Calvin Ridley, New York Jets, Atlanta Falcons, Trade
Calvin Ridley, Joe Douglas, New York Jets, Getty Images, Jet X Graphic

The New York Jets should target Calvin Ridley

It appears that Atlanta Falcons wide receiver Calvin Ridley could be headed for the trade block this offseason, according to NFL Network reporter Steve Wyche.

Ridley only played five games for the Falcons this year before announcing on Halloween that he was stepping away to focus on his mental health. He has not played since, nor has the team made any comment on his status.

In May, the Falcons picked up Ridley’s fifth-year option for $11.1 million, so he is under contract with Atlanta for the 2022 season.

The rumors surrounding Ridley are far from substantiated, and it’s anybody’s guess as to whether the Falcons will actually consider trading him. But let’s have some fun with the idea for the moment.

If Calvin Ridley hits the trade block, he would be the perfect target for general manager Joe Douglas and the New York Jets.

Yeah, there are obvious reasons that any NFL team would love to have Ridley. He is a dynamic 27-year-old receiver who tied for fourth in the NFL with 1,374 receiving yards in 2020, his most recent fully-played season. Ridley also has 28 touchdowns in only 49 career games, an average of 9.7 per 17 games.

The guy is a great wide receiver in his prime. It goes without saying that any team should want someone like that.

However, Ridley is especially enticing for the Jets in particular for this reason: he would address specific weaknesses that the Jets have in their wide receiver unit.

Ridley’s strengths are a perfect match for the holes that the Jets will be looking to fill when searching for wide receiver talent this offseason. He would not merely be a flashy addition for New York – rather, he would add important elements that the Jets do not have.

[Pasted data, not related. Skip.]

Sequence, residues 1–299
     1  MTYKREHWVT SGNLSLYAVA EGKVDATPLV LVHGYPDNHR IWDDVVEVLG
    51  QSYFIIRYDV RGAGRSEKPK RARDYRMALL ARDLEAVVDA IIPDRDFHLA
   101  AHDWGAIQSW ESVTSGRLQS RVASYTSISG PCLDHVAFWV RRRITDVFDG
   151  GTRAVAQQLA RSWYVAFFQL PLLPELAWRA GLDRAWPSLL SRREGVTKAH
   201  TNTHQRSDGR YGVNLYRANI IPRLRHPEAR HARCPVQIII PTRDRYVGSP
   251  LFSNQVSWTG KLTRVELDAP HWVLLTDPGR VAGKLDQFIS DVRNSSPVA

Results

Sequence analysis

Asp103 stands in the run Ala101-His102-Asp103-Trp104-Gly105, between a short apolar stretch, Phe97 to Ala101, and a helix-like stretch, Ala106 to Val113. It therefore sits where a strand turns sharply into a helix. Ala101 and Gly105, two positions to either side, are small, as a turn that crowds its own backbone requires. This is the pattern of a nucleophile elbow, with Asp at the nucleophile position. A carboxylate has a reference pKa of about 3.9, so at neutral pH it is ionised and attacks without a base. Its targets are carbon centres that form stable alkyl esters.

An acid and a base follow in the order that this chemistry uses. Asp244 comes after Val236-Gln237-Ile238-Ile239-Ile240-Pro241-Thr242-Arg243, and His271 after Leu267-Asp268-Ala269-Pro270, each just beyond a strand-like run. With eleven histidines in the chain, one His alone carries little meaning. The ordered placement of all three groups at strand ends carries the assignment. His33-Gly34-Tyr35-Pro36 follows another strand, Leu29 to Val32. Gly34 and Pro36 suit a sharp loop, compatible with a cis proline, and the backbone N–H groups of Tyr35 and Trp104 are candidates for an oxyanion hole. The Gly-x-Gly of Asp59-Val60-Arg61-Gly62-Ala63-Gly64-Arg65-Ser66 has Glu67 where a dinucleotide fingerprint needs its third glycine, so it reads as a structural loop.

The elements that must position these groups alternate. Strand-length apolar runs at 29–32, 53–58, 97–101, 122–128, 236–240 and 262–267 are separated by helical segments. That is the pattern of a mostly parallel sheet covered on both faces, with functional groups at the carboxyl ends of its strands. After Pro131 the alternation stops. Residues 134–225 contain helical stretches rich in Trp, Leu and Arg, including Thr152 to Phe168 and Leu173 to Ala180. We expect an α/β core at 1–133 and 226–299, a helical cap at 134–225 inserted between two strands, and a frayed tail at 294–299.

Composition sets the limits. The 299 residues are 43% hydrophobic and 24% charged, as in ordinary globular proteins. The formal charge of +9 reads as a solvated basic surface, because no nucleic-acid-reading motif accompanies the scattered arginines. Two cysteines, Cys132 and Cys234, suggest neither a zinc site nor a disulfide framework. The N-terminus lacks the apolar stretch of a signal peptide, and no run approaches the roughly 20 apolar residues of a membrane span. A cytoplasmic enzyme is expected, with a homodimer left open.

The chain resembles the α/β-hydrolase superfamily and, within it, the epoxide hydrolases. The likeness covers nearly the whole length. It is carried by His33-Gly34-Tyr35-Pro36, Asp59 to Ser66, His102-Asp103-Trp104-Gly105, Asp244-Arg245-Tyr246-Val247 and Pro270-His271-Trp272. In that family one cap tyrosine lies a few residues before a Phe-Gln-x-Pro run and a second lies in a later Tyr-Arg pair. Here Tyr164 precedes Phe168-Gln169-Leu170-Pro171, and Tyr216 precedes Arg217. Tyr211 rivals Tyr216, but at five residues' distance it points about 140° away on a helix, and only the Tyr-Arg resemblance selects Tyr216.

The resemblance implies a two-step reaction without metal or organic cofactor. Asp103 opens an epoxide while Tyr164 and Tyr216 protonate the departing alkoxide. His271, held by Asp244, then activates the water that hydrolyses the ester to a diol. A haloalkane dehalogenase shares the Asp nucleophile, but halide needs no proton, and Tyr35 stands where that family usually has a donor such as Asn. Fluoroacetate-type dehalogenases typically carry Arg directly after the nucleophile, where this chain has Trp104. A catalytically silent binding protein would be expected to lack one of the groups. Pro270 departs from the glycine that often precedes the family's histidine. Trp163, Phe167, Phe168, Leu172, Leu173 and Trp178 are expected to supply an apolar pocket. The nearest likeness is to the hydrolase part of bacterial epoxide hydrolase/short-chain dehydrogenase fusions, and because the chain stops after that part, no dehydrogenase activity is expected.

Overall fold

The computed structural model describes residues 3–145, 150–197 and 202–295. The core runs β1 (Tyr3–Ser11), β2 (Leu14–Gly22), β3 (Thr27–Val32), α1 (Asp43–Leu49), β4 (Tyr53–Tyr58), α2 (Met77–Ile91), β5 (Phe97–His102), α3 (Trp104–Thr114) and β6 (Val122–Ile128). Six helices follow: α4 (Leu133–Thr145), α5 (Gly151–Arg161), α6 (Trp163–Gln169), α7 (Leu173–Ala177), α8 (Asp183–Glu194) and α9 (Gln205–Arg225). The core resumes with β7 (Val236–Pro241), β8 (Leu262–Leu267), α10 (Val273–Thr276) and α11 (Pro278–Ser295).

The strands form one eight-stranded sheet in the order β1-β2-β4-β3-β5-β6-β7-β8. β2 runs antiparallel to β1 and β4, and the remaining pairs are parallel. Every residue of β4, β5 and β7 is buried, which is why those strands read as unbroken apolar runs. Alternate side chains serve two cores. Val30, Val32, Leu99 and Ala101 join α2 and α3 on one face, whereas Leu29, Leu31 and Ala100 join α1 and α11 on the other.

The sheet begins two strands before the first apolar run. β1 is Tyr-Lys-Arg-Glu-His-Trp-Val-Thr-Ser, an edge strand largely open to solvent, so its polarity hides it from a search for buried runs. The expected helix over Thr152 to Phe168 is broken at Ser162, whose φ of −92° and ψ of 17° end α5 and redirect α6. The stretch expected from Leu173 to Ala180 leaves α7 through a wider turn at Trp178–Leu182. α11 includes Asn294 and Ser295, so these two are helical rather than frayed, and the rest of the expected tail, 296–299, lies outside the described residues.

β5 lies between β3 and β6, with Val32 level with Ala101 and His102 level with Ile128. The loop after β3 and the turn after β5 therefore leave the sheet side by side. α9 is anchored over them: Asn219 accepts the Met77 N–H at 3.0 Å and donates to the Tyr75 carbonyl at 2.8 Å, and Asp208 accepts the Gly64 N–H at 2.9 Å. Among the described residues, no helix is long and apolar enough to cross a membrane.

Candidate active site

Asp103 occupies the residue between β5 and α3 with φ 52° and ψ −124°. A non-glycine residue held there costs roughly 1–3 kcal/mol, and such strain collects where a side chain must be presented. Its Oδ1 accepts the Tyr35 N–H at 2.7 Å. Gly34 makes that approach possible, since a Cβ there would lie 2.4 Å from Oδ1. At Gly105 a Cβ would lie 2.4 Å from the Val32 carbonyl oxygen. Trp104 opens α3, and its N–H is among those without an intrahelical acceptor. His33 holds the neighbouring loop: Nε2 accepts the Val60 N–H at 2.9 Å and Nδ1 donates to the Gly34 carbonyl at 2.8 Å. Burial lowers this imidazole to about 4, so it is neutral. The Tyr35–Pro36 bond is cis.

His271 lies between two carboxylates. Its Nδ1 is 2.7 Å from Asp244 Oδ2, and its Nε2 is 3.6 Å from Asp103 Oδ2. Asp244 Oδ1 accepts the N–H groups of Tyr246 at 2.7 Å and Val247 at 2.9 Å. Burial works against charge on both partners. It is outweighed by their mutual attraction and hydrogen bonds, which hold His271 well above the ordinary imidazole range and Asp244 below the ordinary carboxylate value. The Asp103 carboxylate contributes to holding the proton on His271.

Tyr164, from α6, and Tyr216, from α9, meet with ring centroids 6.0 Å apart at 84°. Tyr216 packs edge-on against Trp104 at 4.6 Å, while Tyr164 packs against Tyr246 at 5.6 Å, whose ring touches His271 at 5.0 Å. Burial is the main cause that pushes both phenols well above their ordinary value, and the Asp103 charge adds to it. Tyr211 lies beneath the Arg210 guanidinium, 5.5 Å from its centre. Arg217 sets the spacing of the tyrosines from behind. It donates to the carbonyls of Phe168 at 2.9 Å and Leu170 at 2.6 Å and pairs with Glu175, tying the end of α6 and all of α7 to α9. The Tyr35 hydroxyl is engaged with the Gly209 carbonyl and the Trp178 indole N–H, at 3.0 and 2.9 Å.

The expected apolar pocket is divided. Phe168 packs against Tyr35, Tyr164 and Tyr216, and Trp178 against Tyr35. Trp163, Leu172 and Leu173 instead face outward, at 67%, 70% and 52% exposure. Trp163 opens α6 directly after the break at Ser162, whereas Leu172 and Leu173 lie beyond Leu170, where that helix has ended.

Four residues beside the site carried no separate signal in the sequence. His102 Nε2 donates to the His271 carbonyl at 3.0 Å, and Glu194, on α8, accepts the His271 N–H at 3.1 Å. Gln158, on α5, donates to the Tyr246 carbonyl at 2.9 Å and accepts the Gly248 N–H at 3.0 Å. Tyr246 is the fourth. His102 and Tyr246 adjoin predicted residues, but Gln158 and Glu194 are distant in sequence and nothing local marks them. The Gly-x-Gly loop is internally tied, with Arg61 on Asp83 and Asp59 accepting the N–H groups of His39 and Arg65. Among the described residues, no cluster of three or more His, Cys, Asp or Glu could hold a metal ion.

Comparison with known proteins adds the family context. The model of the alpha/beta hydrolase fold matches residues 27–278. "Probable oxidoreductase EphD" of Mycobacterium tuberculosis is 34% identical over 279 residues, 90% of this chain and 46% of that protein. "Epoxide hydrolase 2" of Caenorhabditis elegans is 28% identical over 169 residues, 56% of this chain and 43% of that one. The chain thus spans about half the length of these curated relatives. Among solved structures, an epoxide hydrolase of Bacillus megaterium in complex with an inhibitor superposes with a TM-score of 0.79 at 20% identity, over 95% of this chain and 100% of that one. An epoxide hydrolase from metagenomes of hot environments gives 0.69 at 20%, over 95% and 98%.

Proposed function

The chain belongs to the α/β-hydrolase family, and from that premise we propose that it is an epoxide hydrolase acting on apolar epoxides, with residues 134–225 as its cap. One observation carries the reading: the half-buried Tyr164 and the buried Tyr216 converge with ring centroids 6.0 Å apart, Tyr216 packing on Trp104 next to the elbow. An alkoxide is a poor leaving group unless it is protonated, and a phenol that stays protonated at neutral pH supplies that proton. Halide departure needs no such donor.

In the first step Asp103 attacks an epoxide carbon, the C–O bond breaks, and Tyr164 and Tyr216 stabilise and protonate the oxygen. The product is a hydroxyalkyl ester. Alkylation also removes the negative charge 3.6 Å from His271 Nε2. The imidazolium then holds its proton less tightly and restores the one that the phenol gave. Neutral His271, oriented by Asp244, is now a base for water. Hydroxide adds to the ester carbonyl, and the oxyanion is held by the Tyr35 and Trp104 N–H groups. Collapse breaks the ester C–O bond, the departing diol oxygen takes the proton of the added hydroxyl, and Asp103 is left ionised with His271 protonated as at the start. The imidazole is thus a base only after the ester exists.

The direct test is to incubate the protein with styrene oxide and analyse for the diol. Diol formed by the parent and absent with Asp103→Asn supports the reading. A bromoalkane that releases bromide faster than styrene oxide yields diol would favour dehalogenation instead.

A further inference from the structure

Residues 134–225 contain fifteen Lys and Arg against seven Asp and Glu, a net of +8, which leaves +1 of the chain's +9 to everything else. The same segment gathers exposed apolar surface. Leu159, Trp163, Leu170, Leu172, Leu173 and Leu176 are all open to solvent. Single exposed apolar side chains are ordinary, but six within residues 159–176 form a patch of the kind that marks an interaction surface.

Let’s get into the skills that make Ridley an ideal Jets target.

1. Deep threat

Ridley was one of the NFL’s most prolific deep threats in 2020 – perhaps the most.

Here are Ridley’s numbers on deep targets (20+ yards downfield) in 2020 and where they ranked among wide receivers:

  • Targets: 36 (2nd)
  • Catches: 16 (1st)
  • Yards: 475 (2nd)

This would be huge for the Jets, as they do not have an established deep threat. Their most productive deep receiver in 2021 (as of Week 17’s conclusion) was rookie Elijah Moore, who ranks 18th among wide receivers in deep catches (8) and 39th in deep receiving yards (193). Following Moore was Keelan Cole and Corey Davis with five deep catches apiece, tying them for 40th.

Even Moore’s fairly solid deep production (18th in catches despite missing five games) doesn’t necessarily constitute him as an intimidating vertical field-stretcher.

As you can glean from the disparity between Moore’s ranking in deep catches (18th) and deep yardage (39th), most of his “deep” grabs barely crossed the 20-yard threshold and were not actually vertical routes – they were essentially intermediate catches for all intents and purposes. His average of 24.1 yards per reception on deep catches was the lowest in the league among wide receivers with at least five deep catches.

That number is by no means a knock on Moore’s performance quality – it just tells us about the style of catches he was making on those targets that were charted as “deep”.

Most of those catches were routes in which he halted his vertical momentum around the 20-25 yard range and either broke toward the sideline or came back toward the quarterback – which are not the type of catches that come to mind when you think of the term “deep threat”. We haven’t seen much of Moore on bombs down the sideline or up the seam – that’s the type of threat the Jets are missing right now.